OHM: The Early Gurus of Electronic Music 1948-1980

“… Music has been affected no less drastically. As Brian Eno points out in his forward to the recently reissued and expanded OHM: The Early Gurus of Electronic Music 3xCD box set (now with the addition of a DVD, and re-dubbed OHM+), most of what we listen to is electronic in some fashion, contrary to the entire history of music prior to the 1920s. Whether over the radio, stereo, or amplified speaker, electronic music has all but made ‘natural’ sound obsolete. And of course, this says nothing about the musicians who actually use electronics as instruments, manipulating digits, circuits, and bits to make music– music that, for all intents and purposes, would have been as unimaginable as Martian rovers to your grandparents. Lucky for us, three generations into the technological revolution, much of the shock of innovation has given way to something of a learned instinct when it comes to this stuff. The groundbreaking experiments of composers like Karlheinz Stockhausen, Pierre Schaefer, Pierre Henry, and John Cage have led to an age where blips and beeps are not only taken for granted but form the basis of a musical education that for most people starts in pre-school with such ‘advanced’ learning tools as Simon Says. OHM+, covering electronic music from the 1930s to the 1980s, documents a clear and steady path towards an age when most music simply couldn’t be made without electronic assistance. The characters involved were undoubtedly experimenters working on the edges of both technology and good old human ingenuity. In many cases, their results will sound strange to ears accustomed to more refined uses of the available tools– but in others, the sounds are eerily ahead of their time. Regardless, OHM+ is one of the best documents of its kind, and a model for archival compilations. …”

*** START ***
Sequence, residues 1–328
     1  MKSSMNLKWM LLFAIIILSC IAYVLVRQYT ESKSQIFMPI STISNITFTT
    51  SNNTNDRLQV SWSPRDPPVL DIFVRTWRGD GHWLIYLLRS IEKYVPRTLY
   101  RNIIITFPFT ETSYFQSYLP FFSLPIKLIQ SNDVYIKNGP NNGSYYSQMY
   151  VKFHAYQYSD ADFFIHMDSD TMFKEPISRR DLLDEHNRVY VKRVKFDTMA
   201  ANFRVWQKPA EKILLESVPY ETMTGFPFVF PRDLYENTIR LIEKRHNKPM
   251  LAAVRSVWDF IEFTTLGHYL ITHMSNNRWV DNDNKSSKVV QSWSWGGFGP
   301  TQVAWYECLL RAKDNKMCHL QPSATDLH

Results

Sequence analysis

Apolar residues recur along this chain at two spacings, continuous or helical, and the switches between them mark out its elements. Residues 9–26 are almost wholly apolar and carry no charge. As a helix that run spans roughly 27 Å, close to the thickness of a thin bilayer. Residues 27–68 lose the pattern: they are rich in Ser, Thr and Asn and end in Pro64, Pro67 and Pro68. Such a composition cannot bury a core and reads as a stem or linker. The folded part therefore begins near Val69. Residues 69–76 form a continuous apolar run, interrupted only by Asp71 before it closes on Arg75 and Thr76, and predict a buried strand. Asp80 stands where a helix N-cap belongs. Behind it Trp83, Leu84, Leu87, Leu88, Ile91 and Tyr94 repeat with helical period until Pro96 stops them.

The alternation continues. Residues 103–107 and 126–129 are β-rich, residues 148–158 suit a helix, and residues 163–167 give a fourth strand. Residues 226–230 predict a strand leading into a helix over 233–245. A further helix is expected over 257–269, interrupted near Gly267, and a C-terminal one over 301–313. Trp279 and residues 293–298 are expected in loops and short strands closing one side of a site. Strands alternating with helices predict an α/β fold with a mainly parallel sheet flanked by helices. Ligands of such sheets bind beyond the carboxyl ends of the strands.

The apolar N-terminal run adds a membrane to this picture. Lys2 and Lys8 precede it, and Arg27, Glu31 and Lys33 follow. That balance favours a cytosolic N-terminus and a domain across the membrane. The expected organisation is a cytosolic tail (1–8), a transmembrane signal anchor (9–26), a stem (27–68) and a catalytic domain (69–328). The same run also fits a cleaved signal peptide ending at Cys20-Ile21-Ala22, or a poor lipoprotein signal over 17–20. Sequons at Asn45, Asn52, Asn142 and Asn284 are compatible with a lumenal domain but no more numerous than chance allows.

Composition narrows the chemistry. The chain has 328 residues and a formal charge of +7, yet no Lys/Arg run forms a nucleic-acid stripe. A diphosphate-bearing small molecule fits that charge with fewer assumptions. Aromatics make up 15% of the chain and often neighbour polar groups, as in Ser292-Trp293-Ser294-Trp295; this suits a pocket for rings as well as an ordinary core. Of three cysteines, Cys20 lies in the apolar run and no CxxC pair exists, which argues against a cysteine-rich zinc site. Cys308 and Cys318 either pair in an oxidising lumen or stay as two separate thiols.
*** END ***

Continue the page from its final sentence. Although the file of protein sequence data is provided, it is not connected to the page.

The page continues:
allmusic (Audio)
W – OHM: The Early Gurus of Electronic Music 1948-1980
Discogs (Video)

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